Frequency response The frequency range that a tape recorder can record and playback while still showing a reasonably flat response. Theoretically a tape recorder can record any audio signal it is given regardless of its frequency, in reality however it will only function properly within a given frequency range and within that frequency range show variations in volume from the ideal. The upper range a recorder will work with is usually limited by filtering to minimise the effects non-audible high frequency signals will have on audible signals and to give signals within the audible range more bandwidth, on some cassette recorders and old reel to reels this is not done since the technical specifications of the recorder are so bad that there is no danger of any high frequency signals being recorded anyway.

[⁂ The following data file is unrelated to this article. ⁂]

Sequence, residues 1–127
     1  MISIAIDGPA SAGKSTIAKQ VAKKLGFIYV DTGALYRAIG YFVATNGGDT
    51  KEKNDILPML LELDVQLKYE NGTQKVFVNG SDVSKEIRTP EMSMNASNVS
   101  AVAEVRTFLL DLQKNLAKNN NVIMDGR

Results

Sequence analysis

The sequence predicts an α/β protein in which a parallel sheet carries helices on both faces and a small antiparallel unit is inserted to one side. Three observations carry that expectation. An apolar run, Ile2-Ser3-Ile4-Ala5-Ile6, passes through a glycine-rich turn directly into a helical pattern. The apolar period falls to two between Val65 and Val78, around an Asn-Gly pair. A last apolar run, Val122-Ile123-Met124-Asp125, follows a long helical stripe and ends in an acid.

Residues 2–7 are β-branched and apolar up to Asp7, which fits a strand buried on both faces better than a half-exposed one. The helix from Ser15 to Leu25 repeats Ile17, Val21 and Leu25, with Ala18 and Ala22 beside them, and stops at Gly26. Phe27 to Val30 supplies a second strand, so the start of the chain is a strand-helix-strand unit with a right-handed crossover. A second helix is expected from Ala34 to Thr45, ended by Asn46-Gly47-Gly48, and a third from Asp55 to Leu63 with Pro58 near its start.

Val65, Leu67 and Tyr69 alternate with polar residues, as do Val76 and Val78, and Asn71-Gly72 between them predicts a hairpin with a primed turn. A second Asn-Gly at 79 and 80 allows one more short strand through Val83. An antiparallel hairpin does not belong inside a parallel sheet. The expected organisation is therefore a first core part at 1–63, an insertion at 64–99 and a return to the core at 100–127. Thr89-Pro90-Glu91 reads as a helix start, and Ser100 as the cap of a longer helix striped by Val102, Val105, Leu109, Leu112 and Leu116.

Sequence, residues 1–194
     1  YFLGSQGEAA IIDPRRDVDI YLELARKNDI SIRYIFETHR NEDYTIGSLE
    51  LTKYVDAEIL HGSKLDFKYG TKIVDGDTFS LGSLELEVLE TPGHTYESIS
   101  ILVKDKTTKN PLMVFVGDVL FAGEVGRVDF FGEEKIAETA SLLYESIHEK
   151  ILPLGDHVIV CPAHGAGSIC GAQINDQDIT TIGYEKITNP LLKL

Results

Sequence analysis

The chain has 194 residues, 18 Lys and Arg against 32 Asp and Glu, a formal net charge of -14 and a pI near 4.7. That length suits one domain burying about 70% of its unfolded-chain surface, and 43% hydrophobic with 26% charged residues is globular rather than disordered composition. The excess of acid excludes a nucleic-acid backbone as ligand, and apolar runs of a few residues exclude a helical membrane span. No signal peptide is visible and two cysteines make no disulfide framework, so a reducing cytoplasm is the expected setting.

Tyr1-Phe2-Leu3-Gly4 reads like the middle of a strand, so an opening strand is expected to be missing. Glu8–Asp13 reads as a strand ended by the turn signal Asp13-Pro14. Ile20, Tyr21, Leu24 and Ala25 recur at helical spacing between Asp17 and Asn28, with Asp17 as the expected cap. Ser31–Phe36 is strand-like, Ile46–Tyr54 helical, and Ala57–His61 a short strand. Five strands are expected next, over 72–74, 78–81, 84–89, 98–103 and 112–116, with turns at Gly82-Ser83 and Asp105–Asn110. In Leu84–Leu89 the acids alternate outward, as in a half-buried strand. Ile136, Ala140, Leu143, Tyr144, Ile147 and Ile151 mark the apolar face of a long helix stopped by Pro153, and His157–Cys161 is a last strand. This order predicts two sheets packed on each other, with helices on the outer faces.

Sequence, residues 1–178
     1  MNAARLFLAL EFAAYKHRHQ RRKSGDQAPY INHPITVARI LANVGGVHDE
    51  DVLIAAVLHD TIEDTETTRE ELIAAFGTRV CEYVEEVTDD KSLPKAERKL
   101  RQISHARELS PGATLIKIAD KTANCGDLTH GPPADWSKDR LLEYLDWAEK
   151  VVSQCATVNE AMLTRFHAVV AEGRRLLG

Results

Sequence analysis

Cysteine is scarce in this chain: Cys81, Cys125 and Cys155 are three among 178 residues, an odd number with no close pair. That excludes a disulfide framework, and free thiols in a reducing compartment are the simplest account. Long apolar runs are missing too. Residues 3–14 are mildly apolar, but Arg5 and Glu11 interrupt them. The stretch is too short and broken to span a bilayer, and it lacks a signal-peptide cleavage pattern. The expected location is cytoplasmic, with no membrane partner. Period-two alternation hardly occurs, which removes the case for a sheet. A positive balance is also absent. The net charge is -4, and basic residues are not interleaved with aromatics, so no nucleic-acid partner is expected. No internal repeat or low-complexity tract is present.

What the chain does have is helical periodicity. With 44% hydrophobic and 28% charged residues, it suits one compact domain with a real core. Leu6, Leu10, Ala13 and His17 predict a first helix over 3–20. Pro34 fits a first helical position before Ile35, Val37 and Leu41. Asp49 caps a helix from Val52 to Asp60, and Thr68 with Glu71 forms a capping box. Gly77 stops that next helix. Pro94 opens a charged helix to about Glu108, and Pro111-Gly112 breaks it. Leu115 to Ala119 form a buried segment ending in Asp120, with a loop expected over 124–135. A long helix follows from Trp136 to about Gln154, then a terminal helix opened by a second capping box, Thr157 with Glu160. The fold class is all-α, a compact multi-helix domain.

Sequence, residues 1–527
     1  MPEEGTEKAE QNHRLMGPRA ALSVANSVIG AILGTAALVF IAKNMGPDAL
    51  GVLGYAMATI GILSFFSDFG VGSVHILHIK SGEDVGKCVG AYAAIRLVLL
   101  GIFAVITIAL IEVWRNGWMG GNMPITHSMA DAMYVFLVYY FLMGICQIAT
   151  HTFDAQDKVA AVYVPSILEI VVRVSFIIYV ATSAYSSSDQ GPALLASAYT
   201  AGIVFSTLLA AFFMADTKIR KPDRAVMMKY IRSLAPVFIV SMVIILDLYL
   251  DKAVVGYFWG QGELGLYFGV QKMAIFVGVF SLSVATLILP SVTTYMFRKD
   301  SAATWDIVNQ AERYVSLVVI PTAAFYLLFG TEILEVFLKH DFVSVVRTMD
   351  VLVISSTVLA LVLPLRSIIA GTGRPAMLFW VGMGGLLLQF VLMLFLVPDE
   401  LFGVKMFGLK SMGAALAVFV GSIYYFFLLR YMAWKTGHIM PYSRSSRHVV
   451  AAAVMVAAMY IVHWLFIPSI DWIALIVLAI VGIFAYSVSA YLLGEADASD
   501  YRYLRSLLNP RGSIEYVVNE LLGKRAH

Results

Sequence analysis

There are 2 types of FR tests that you will see quoted, fully weighted and DIN. A fully weighted test on a good fairly recent cassette recorder might give you a frequency range of say 15Hz to 15kHz +/- 1dB for recording on chrome tape, that means that any sound between 15Hz and 15kHz recorded onto a chrome tape will vary less than 2dB in volume from the real level of other sounds recorded onto tape in the same specified frequency range. Note that this does not mean that the recorder does not record sounds outside of that range nor does is imply that recorded sound will vary only 2dB from the sound input into the recorder, cassette recorders in particular have a notoriously limited Dynamic Range and thus will always compress the volume of whatever sound that you record onto them, however this figure guarantees that the variation in volume will be no more than 2dB and that while it will probably record frequencies much higher and lower than that, the variation in volume will be more than 2dB.